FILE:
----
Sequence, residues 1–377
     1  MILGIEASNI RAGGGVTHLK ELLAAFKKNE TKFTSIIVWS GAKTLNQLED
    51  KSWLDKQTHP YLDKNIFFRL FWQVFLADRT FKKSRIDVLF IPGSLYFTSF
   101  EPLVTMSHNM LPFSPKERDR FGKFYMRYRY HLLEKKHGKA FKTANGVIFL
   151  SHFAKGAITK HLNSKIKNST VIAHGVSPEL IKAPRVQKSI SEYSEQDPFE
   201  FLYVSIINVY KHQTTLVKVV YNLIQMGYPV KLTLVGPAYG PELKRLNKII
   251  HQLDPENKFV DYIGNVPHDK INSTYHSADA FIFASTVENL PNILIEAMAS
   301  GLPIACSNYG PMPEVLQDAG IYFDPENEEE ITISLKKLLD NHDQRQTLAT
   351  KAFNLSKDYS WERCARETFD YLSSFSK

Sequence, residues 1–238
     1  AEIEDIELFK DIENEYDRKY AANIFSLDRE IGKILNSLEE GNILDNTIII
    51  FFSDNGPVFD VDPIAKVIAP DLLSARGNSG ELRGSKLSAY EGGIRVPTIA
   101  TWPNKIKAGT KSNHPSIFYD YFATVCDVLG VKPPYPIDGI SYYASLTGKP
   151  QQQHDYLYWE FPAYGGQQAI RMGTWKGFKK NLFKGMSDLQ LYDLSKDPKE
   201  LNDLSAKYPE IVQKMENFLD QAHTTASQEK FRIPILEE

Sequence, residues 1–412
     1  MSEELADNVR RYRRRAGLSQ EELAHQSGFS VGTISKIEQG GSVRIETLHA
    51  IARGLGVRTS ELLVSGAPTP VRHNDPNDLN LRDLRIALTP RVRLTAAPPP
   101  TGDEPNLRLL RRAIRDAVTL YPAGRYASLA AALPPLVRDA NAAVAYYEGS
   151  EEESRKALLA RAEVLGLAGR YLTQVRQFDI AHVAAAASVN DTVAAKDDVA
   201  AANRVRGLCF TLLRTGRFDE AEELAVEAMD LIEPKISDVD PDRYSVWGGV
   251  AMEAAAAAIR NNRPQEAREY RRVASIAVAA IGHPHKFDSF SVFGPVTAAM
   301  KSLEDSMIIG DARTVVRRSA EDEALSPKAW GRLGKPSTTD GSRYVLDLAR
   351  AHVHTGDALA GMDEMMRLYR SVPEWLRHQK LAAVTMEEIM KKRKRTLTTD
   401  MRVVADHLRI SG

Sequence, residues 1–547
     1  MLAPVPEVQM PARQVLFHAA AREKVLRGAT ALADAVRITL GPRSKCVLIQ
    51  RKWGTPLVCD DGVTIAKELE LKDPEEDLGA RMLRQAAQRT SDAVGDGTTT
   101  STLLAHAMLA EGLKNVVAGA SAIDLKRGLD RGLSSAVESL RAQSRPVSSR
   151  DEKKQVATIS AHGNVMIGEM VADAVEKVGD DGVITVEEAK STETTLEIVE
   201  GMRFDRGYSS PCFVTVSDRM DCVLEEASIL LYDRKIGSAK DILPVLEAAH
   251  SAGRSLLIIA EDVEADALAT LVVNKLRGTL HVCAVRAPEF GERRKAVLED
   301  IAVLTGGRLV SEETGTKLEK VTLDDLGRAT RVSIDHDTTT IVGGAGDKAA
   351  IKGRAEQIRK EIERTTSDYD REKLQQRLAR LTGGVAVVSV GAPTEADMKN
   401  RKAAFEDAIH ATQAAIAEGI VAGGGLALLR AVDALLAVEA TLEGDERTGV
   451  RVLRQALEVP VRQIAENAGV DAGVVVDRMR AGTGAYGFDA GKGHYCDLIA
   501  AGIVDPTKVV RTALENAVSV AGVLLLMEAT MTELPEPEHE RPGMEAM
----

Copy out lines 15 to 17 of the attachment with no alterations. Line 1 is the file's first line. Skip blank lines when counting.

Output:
   201  LNDLSAKYPE IVQKMENFLD QAHTTASQEK FRIPILEE

Sequence, residues 1–412
     1  MSEELADNVR RYRRRAGLSQ EELAHQSGFS VGTISKIEQG GSVRIETLHA